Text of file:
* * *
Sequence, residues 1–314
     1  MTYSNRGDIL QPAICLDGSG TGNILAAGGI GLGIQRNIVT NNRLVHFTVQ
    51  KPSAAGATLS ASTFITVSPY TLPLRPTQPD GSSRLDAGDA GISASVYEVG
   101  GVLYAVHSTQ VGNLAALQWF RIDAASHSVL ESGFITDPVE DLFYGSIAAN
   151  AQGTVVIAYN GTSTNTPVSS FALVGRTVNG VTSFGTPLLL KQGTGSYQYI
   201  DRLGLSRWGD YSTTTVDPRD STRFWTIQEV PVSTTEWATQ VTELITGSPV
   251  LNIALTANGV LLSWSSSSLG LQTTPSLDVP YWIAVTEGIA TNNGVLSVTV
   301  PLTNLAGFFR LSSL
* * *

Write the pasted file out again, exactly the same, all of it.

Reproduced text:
Sequence, residues 1–314
     1  MTYSNRGDIL QPAICLDGSG TGNILAAGGI GLGIQRNIVT NNRLVHFTVQ
    51  KPSAAGATLS ASTFITVSPY TLPLRPTQPD GSSRLDAGDA GISASVYEVG
   101  GVLYAVHSTQ VGNLAALQWF RIDAASHSVL ESGFITDPVE DLFYGSIAAN
   151  AQGTVVIAYN GTSTNTPVSS FALVGRTVNG VTSFGTPLLL KQGTGSYQYI
   201  DRLGLSRWGD YSTTTVDPRD STRFWTIQEV PVSTTEWATQ VTELITGSPV
   251  LNIALTANGV LLSWSSSSLG LQTTPSLDVP YWIAVTEGIA TNNGVLSVTV
   301  PLTNLAGFFR LSSL